I pride myself on being an honest person. I will tell you the truth and I can’t stand anyone who doesn’t do the same. Dishonesty is just absolutely unforgivable. That said, there have been some things that I have kept to myself. It begs the question, “is omission dishonesty?” I used to think not. There are many things I have kept to myself, things I haven’t written about here or anywhere, because I felt I was protecting Brian or his friends or our family or … or myself. I always felt this was the right thing to do and never questioned it until last night. Last night, someone who is very dear to me mentioned that I have portrayed Brian and the situation one way here on this blog and in public and yet I present an entirely different picture to him in our private conversations. I admit that I bristled at this at first. I’m very sensitive about anyone saying anything negative about Brian or his life or his death, so I kind of freaked out. Being the thinker that I am, however, what he said spun around in my head, twisting and turning, trying to find the right place to click in. When it did click in, my stomach bottomed out and I realized that I’ve been helping no one by omitting the truth. I’m not protecting anyone, but might in fact be hurting someone by keeping it under wraps. There’s another part, too. Everyone who knew Brian already knows what I’m going to say. This isn’t a surprise to them. It’s not a surprise to our children. It’s not a surprise to our friends. It’s not a surprise to our family. It’s certainly not a surprise to me.
Everything that I have written about Brian here and everywhere else is absolutely true. He was hilarious, loving, gentle, kind, sweet, generous, talented, and supportive. He was a hard worker, an idea man, an incredible father, husband, and friend. Brian was something else, too. Brian was an alcoholic.
I don’t talk about it too much because I have always thought it wasn’t my story to tell. Brian’s addiction was his story, his issue, his bourdon to carry (interesting how close bourdon is to bourbon, eh?) While he was alive, I always thought it was his place to either tell people or, as the case most often was, show them. Now that he’s dead, however, I can tell that part of the story because, as anyone who has ever been in love with an addict knows, the addiction doesn’t just affect the addict. It affections EVERYONE involved with the addict, from family members to employers to friends to other people out on the road.
The big truth, the ugly truth, is that I had been reaching the end of my rope being married to an alcoholic for some time and the reason Brian was out camping alone the night he died was because I had had enough and asked him to leave. My full intention – and the intention that he knew I had – was for him to leave, sober up, and come home again. It had happened before and there were years of sobriety sprinkled in here and there. I had hoped and expected the same would happen again. No one could have predicted what happened. The healing process and the recovery since his death has taken me down some seriously fucked up roads, but I have realized a few things:
I would have stayed with Brian until the end. Whether that meant actually staying married to him or leaving and staying close by, hoping and waiting for his recovery.
While we had a very strong and enviable love, there were a lot of problems with the life together. While we did a lot of fun things together, it was mostly all within a small scope of area and a small scope of activity. I have realized that I have done more living since Brian died than I did while he was alive. I became quite content to stay here in the same mindset and the same lifestyle and I stopped dreaming and living and growing and exploring. Well, not totally stopped – I still did some pretty groovy things, but I know now how limited I felt. No more. As a dear friend of ours said to me, “He freed you so beautifully.”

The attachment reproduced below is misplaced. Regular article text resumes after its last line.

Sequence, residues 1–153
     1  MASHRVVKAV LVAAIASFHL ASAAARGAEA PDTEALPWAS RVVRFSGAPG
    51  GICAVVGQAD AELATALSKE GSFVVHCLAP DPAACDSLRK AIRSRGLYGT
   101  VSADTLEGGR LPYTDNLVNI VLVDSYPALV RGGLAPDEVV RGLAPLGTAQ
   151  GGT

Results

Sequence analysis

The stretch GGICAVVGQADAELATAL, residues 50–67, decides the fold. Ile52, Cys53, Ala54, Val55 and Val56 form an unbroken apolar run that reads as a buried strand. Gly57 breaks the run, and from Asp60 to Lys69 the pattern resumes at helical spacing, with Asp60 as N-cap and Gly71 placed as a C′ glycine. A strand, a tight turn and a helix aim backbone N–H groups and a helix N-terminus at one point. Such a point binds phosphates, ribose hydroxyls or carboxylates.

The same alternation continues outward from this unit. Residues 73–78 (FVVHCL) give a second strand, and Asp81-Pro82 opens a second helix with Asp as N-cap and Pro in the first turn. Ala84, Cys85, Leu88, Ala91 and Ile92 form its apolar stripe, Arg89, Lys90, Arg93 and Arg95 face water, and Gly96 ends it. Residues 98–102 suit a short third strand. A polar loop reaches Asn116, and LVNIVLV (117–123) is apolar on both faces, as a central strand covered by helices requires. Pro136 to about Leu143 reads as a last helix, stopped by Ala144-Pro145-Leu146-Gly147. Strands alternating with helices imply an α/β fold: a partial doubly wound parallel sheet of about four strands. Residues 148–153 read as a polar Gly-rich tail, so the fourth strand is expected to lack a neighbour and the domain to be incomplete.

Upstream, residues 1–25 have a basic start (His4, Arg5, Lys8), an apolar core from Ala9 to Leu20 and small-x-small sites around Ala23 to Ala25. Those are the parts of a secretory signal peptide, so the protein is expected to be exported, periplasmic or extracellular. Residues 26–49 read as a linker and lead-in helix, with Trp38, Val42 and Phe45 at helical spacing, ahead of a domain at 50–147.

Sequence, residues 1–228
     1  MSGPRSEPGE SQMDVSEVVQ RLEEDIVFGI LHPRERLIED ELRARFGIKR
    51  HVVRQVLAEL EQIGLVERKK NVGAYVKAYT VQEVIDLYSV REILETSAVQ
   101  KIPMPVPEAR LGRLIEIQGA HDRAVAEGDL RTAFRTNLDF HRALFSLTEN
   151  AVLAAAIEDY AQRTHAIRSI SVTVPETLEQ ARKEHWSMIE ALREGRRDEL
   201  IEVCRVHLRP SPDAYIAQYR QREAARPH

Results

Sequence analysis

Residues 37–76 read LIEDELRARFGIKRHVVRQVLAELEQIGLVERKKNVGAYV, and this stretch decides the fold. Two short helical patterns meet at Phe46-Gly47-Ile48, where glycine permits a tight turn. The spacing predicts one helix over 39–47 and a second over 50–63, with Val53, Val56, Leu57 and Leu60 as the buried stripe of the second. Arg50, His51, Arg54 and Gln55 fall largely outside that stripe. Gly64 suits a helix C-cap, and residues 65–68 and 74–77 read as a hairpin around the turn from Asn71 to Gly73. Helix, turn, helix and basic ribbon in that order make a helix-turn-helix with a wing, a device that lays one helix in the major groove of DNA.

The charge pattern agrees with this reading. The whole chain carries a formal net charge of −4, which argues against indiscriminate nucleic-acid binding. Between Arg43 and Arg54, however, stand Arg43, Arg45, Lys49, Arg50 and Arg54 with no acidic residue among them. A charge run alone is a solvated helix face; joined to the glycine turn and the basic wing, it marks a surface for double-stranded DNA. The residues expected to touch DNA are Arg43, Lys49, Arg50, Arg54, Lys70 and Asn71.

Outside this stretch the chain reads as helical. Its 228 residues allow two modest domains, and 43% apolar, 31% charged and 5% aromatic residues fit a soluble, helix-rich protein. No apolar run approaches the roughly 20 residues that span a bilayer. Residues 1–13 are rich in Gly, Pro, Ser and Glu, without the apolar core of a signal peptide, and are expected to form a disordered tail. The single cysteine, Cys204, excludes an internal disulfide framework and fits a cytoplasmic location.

There is a sensation of being continually slapped in the face when the person you have chosen to spend your life with and raise your children with chooses a bottle over you over and over and over again. His addiction had him by the balls so tight, I’m surprised he could walk. He didn’t want to hurt me, but he did, and he hated himself for that. Vicious circle. Brian only raised his voice to me 3 times in 14 years and never once raised a hand to me. He wasn’t a mean drunk, he wasn’t an angry drunk, he wasn’t abusive, but he was emotionally unavailable, distant, selfish, self-absorbed, and felt he was immortal and invincible. You can’t convince a brick wall that they are a field of grass.
I write all of this not to make Brian look bad or to badmouth him or to make anyone think differently about him. He truly was incredible. I am writing about it because, my omitting it, it discredits the truth. My kids will read this blog someday and, while I want them to have primarily positive memories of their dad, they were here every day and are very much aware of the truth. To omit it discredits their experience. I write it because, as the wife of an alcoholic, I hid the truth for 14 years and, damn it, I’m fucking tired of hiding and covering and explaining and carrying the weight. I write it because I am moving forward and doing new and exciting things and opening my heart to new people and new experiences and I cannot do that honestly while hiding or omitting one of the biggest truths of my life. Everyone who saw him knew, but we all didn’t want to see. Everyone deserves the truth to come out, including Brian. The weight has been burying us alive and now, hopefully, we can all breathe a little easier and live. We are only as sick as our secrets. It’s time to heal.
Before any of you start telling me about al-anon, I already know. I’ll thank you to not bring it up.